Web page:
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Scalable audio separation with light Kernel Additive Modelling - implementation -

Using randomization to scale some capabilities on low power systems, this is what we have today: Scalable audio separation with light Kernel Additive Modelling by Antoine Liutkus, Derry Fitzgerald, Zafar Rafii
Recently, Kernel Additive Modelling (KAM) was proposed as a unified framework to achieve multichannel audio source separation. Its main feature is to use kernel models for locally describing the spectrograms of the sources. Such kernels can capture source features such as repetitivity, stability over time and/or frequency, self-similarity, etc. KAM notably subsumes many popular and effective methods from the state of the art, including REPET and harmonic/percussive separation with median filters. However, it also comes with an important drawback in its initial form: its memory usage badly scales with the number of sources. Indeed, KAM requires the storage of the full-resolution spectrogram for each source, which may become prohibitive for full-length tracks or many sources. In this paper, we show how it can be combined with a fast compression algorithm of its parameters to address the scalability issue, thus enabling its use on small platforms or mobile devices.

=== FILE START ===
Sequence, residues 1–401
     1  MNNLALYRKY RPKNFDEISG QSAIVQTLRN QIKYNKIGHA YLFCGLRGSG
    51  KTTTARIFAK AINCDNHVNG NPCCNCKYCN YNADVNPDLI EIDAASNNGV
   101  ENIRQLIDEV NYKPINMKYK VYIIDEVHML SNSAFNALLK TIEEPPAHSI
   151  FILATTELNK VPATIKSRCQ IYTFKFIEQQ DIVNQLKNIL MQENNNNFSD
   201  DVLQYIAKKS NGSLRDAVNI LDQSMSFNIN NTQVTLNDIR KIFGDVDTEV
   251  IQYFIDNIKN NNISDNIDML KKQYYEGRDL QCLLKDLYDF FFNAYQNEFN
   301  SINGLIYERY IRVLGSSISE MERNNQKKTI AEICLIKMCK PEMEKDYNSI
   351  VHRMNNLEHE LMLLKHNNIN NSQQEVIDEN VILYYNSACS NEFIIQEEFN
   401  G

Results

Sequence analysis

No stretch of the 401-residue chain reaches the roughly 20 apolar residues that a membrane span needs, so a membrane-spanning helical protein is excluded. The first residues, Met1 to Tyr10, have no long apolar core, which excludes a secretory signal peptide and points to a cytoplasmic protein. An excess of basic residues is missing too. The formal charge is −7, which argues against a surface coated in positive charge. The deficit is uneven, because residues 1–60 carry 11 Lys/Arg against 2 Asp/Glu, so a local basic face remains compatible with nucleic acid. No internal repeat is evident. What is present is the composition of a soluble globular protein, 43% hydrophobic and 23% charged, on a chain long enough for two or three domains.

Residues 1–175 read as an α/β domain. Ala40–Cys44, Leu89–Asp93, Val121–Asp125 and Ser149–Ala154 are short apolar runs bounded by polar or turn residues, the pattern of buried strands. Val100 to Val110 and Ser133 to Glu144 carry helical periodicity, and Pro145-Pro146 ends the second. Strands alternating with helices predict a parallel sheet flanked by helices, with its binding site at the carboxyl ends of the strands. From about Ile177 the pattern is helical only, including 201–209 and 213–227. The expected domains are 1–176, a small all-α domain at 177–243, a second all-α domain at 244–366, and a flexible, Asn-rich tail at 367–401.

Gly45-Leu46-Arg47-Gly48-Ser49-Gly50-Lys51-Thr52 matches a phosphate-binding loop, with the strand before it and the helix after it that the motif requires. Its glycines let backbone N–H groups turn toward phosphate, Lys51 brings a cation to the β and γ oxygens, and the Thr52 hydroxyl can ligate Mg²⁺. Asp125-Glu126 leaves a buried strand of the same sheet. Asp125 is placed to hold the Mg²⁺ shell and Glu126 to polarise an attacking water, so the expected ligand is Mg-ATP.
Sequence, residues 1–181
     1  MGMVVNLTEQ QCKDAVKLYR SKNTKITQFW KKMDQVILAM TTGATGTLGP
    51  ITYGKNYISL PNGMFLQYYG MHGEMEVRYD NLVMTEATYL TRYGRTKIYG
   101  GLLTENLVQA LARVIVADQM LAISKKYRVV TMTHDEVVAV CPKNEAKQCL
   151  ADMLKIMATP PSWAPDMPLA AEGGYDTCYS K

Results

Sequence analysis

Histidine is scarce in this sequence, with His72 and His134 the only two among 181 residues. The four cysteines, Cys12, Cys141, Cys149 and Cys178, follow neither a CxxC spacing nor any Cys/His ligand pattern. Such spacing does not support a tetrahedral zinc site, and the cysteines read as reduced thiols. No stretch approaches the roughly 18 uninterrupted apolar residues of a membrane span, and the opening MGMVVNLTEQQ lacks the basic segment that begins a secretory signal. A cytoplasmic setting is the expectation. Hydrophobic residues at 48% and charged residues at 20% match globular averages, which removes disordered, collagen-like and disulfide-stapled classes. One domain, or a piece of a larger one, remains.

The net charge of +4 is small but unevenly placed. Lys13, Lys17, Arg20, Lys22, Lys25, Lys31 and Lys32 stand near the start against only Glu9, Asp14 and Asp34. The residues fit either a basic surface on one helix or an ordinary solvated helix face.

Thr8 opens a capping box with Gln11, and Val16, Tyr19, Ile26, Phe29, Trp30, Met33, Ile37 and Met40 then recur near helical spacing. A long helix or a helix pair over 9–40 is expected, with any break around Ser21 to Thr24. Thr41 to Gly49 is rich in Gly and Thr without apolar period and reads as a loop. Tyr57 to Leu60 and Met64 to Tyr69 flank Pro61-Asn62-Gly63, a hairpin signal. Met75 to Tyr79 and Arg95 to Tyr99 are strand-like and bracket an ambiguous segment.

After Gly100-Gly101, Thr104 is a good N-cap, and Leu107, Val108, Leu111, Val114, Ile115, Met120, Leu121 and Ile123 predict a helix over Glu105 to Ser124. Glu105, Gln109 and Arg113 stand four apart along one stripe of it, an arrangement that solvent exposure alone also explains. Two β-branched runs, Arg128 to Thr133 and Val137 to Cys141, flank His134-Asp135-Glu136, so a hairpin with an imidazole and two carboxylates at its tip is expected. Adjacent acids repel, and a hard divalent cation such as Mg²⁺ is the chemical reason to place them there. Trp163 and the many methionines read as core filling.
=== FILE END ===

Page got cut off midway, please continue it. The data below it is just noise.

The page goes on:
The implementation is one Antoine Liutkus' KAML page.
 
 
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Tuesday, February 24, 2015

Crossing the P-river (follow-up)

A follow up to yesterday's blog entry. How much time did it take to gather all the information from the entire bacterial genome using a USB connected instrument that looks like a large memory stick and featured in the paper in Crossing the P-river: A complete bacterial genome assembled de novo using only nanopore sequencing data ?

 


Wow ! You're seeing history in the making.
 
Credit photo: this forum thread
 
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Compressive spectrum sensing of radar pulses based on photonic techniques

 
 
Here is another instance of Compressive Sensing hardware: Compressive spectrum sensing of radar pulses based on photonic techniques by Qiang Guo, Yunhua Liang, Minghua Chen, Hongwei Chen, and Shizhong Xie

We present a photonic-assisted compressive sampling (CS) system which can acquire about 106 radar pulses per second spanning from 500 MHz to 5 GHz with a 520-MHz analog-to-digital converter (ADC). A rectangular pulse, a linear frequency modulated (LFM) pulse and a pulse stream is respectively reconstructed faithfully through this system with a sliding window-based recovery algorithm, demonstrating the feasibility of the proposed photonic-assisted CS system in spectral estimation for radar pulses.